Posts Tagged ‘sea pens’

To Pen A Tale Of Pens…

Wednesday, September 28th, 2011

Life History

The term “life history” is really a misnomer.  What the term really means is the generalized “story” of an average individual’s life.  Probably the animal whose life history is best known is the human.  Broken down by geographical region, and other demographics, it is possible to predict with surprising accuracy the life span, as well as the major life experiences, such as the number of offspring, and when they occur, for the average individual of many human populations.  In the case of humans, the driving force for the accumulation of such knowledge is not the desire for “abstract knowledge,” but rather the desire to make a profit.  On such knowledge is the insurance industry built, and it is based to a great extent on studies of human life history profiles extended to the greatest precision possible.  We also know the life histories of a large number of other, mostly terrestrial, organisms.  In these cases, biologists have spent a great deal of time studying populations of these animals and have noted when the animals are born, when they die, how long they live, when they mate, and so on.  All of these data can be massaged and manipulated statistically to provide a good understanding of the essential experiences of an average member of those species.

However, once we pass out of the terrestrial realm and into the oceanic environment, our ability to see all of the relevant aspects of any given organism’s life is significantly obscured by a wall of water.  To accumulate the data and the observational knowledge to flesh out a “life history” takes good, down to earth (or ocean bottom), tedious, long-term, expensive and dedicated research.  Because of the effort involved, such work has been completed for precious few animals, most of which are temperate, due primarily to the prevalence of marine laboratories in temperate regions.

The Story

In this essay, I summarize the results of a series of research projects concerning a temperate octocoral, the sea pen, Ptilosarcus gurneyi.   This species has also been known as Ptilosarcus quadrangulare,  Leioptilus quadrangulare, Leioptilus guerneyi, and  Ptilosarcus quadrangularis, but these names have long been considered to be junior synonyms.  Nonetheless, they still turn up from time to time, particularly in comments on the internet.  The basic research on which this article is based was reported in two papers (Chia and Crawford, 1973; Birkeland, 1974), but in addition, there is a significant amount of my own hitherto unpublished research.  For ease of readability, I will not cite either main reference again.  If the reader is interested in more detail, please read these articles or contact me directly.  In total, this information represents several thousand person-hours of observational time.  As far as I know, no similar body of knowledge exists for any tropical octocoral, although there are similar accumulations of information regarding some Mediterranean gorgonians.  I hope, however, that this example will give some appreciation for the life history of, at least, one type of octocoral.  Perhaps, as well, this essay will present the types of data needed to discuss the biology of these animals.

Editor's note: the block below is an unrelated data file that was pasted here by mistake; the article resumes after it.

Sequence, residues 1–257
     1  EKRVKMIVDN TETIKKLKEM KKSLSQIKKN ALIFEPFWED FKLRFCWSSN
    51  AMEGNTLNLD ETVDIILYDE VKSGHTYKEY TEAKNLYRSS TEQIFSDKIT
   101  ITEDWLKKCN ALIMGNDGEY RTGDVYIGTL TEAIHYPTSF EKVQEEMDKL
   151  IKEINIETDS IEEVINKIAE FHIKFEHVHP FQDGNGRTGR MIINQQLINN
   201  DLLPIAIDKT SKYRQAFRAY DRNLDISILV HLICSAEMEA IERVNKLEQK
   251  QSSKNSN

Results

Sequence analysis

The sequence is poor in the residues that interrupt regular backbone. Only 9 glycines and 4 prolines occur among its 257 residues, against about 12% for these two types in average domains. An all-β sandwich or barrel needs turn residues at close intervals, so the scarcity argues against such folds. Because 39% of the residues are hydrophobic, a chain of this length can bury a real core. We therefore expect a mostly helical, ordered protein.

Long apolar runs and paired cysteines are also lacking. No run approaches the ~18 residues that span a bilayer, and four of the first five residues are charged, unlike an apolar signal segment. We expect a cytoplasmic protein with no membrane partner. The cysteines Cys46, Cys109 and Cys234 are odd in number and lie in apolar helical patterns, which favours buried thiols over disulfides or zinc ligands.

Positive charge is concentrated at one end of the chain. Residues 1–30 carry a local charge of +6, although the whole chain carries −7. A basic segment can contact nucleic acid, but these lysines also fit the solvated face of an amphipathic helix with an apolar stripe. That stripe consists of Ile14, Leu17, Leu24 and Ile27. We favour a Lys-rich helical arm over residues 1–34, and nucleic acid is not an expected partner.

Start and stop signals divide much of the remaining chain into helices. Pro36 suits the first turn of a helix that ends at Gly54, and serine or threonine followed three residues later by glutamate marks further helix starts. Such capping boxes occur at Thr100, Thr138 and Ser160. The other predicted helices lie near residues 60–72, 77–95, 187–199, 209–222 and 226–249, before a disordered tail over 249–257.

Figure 1.  A mature Ptilosarcus gurneyi individual extended about 50 cm out of the sediment.  The primary polyp consists of the base which extends into the sediment, and the rachis or stalk extending from the base up between the “leaves.”  The gastrozooids or feeding polyps are found on the outside of the leaf edges, while the siphonozooids, or pumping individuals, are found in the orange regions on the sides of the rachis.  The “warts” on a few of the leaves are caused by a parasitic isopod living inside the pen’s tissues.

 

Figure 2.  A portion of a sea pen bed in the central Puget Sound region, the depth was about 15 m.  Water flow was from the left, and the foreground field of view is about 1.5 meters (5 feet) across.

Sea pens are octocorals.  Taxonomically, they are placed in the Order Pennatulacea of the Subclass Octocorallia (= Alcyonaria), in the Class Anthozoa of the Phylum Cnidaria.  All of this jargon means they are animals whose major body parts consist of modified polyps.  Being octocorallians, their polyps show an octamerous or eight-fold symmetry most obviously manifested by the presence of eight tentacles around the mouth of the feeding polyps, or gastrozooids.  These eight tentacles each have a series of small side branches, a condition referred to as “pinnate branching.”  Unlike other octocorals, sea pens are mobile.  While they are sessile, living in unconsolidated ocean bottom sediments, they are not fastened to the substrate and at least some sea pens are capable of significant locomotion.

The adult sea pen is body considered to be comprised by the fused modifications of three types of polyps.  The base and central stalk region, or rachis, is considered to be the modified original polyp.  The feeding polyps possess tentacles are called gastrozooids and typically found either extending from the surface of the rachis much like the spokes of an umbrella, or on lateral extensions from the rachis, the “leaves”.  Depending on the sea pen species and the adult size, there may be from about ten to many thousand gastrozooids.  Embedded in the rachis surface are the siphonozooids; modified polyps lacking tentacles.  These structures consist of a “mouth” which is lined with microscopically sized, beating, hair-like projections called “cilia.”  Siphonozooids pump water into the body of the colony.  The colony has quite an intricate system of channels which allow the movement of water and nutrients throughout the body.  The forces necessary for the water movement comes from muscular contraction of the body and the beating of the cilia lining the water channels.